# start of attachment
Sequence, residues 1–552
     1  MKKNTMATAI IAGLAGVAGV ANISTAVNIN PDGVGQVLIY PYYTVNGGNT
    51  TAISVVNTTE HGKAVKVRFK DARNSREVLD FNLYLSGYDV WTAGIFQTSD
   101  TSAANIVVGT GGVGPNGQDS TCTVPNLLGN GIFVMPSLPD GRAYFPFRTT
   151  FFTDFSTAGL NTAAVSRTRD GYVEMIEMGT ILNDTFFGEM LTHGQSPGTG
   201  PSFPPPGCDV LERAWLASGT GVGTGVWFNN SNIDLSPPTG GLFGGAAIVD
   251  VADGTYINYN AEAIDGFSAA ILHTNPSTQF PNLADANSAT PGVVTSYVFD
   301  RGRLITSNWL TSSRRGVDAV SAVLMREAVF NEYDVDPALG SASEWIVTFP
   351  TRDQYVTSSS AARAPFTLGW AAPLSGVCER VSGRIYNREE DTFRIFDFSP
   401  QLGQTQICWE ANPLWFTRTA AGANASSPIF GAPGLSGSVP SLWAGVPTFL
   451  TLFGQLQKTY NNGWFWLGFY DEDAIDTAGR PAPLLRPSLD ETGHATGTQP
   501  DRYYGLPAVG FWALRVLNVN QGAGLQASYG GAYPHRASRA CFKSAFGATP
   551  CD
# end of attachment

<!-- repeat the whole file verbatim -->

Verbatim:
Sequence, residues 1–552
     1  MKKNTMATAI IAGLAGVAGV ANISTAVNIN PDGVGQVLIY PYYTVNGGNT
    51  TAISVVNTTE HGKAVKVRFK DARNSREVLD FNLYLSGYDV WTAGIFQTSD
   101  TSAANIVVGT GGVGPNGQDS TCTVPNLLGN GIFVMPSLPD GRAYFPFRTT
   151  FFTDFSTAGL NTAAVSRTRD GYVEMIEMGT ILNDTFFGEM LTHGQSPGTG
   201  PSFPPPGCDV LERAWLASGT GVGTGVWFNN SNIDLSPPTG GLFGGAAIVD
   251  VADGTYINYN AEAIDGFSAA ILHTNPSTQF PNLADANSAT PGVVTSYVFD
   301  RGRLITSNWL TSSRRGVDAV SAVLMREAVF NEYDVDPALG SASEWIVTFP
   351  TRDQYVTSSS AARAPFTLGW AAPLSGVCER VSGRIYNREE DTFRIFDFSP
   401  QLGQTQICWE ANPLWFTRTA AGANASSPIF GAPGLSGSVP SLWAGVPTFL
   451  TLFGQLQKTY NNGWFWLGFY DEDAIDTAGR PAPLLRPSLD ETGHATGTQP
   501  DRYYGLPAVG FWALRVLNVN QGAGLQASYG GAYPHRASRA CFKSAFGATP
   551  CD